Sometimes – and who can say why, knitters will be drawn to a project like bees to honey.
Our friend Kim has started her beekeeper’s quilt. A basket of knit biscuits are the evidence. She is going for a full sized bedspread and if her progress to date is any indication then she will achieve this goal in record time. She is not the only knitter I know who has embarked upon this same journey. This pattern, just published in July has spawned over 500 projects on ravelry already. It seems we are all helpless drones under the spell of this blanket.
This is an unlikely project in some ways to be crowned Queen. This is no quick knit! Hundred of bits and pieces must be made and then assembled to make this blanket, but the sweet allure of the final product seems to be too seductive to resist.
If the surface is scratched, there may be other reasons why the beekeeper’s blanket has become so popular. In the words of the auteur, Stephanie from Tiny Owl Knits this blanket wins bragging rights for:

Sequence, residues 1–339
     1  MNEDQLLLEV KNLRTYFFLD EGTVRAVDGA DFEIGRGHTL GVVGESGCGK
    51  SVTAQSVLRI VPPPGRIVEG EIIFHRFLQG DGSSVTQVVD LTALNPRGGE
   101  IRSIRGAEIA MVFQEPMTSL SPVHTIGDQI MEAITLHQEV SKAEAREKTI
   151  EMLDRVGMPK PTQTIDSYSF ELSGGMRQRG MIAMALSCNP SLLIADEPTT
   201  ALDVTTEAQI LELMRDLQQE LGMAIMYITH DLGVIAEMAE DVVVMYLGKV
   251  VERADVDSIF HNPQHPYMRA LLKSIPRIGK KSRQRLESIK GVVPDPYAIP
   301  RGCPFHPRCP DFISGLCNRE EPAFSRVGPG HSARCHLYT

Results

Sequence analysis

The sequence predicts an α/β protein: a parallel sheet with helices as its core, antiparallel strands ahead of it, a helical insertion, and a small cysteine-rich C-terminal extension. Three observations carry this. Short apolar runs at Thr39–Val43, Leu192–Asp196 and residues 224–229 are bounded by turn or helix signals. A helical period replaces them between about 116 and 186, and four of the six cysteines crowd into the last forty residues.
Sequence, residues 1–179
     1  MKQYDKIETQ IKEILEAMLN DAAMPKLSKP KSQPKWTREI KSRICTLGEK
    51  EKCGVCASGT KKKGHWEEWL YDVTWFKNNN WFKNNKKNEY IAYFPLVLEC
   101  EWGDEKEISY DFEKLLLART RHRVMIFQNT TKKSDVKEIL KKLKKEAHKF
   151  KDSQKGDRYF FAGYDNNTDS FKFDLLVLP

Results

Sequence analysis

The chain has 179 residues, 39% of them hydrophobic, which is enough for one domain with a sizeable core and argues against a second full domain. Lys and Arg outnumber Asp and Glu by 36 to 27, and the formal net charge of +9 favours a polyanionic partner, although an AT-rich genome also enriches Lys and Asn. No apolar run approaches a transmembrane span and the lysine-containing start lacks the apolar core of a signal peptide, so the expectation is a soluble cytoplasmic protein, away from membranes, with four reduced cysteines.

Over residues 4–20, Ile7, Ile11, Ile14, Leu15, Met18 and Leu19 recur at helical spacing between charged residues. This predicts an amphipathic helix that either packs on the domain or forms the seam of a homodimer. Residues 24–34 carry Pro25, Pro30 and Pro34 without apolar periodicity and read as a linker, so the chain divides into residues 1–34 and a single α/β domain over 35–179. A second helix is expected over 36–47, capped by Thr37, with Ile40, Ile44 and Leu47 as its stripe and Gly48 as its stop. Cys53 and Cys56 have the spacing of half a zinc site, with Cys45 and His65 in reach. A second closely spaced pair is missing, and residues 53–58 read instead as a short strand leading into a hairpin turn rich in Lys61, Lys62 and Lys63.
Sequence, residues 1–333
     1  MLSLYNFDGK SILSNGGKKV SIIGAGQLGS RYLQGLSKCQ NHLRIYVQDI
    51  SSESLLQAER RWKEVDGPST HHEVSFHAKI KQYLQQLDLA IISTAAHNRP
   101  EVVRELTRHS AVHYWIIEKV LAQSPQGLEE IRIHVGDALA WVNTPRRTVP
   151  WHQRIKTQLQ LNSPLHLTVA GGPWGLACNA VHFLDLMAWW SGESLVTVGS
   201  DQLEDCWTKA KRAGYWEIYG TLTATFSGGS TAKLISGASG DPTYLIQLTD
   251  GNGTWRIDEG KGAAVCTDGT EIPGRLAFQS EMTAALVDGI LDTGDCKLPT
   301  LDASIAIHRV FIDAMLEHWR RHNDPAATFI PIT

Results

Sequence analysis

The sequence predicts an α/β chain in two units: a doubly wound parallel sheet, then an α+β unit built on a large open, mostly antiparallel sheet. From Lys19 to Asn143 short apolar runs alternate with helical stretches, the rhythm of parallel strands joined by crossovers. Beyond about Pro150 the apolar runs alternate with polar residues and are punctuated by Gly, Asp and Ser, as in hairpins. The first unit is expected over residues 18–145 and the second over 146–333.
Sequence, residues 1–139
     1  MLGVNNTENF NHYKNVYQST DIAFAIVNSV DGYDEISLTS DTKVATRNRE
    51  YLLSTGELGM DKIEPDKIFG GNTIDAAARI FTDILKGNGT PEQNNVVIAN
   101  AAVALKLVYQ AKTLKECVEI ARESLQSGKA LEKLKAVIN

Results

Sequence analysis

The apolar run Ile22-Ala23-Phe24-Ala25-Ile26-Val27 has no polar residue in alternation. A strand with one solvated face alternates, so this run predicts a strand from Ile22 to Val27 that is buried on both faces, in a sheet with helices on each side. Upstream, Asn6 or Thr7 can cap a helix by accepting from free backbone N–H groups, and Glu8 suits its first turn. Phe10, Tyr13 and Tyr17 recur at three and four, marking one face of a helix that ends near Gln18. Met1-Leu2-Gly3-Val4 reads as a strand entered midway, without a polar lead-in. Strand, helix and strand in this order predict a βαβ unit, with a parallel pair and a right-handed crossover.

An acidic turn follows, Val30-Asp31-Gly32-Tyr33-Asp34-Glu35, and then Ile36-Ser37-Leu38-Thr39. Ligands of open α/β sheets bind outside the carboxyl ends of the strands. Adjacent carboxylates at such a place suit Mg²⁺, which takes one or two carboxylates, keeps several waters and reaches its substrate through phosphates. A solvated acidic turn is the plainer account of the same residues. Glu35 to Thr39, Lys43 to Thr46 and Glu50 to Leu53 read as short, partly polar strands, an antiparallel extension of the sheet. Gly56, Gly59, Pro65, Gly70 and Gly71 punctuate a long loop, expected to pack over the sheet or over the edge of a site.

Beeing made from leftover scrap sock wool
Beeing puffy & double sided, and therefore needing no lining
Beeing fun to make
Beeing knit in the round
Beeing accompanied by a video blog, a tutorial and colour charts
Beeing well suited to “in-between times” -while waiting in lines, waiting for dinner, talking to friends, in the car etc.
Beeing a pattern with an easy and quick method of assembly
There are many beautiful pictures of this quilt, but this is my favorite. Just look at the cat! It also shows off the back side of the blanket. All the pieces are knotted together in an easy fashion that resembles old fashioned sewn quilts, held together with well spaced, decorative and functional ties. This technique no doubt bolstered many whose resolve first faltered at the thought of seaming all those little treasures together. One thing a knitter loves to hear is “no seaming required”!
I expect more and more folks I know will show up at the Knit Cafe with their own baskets of honeycombs soon. Will you be one of them?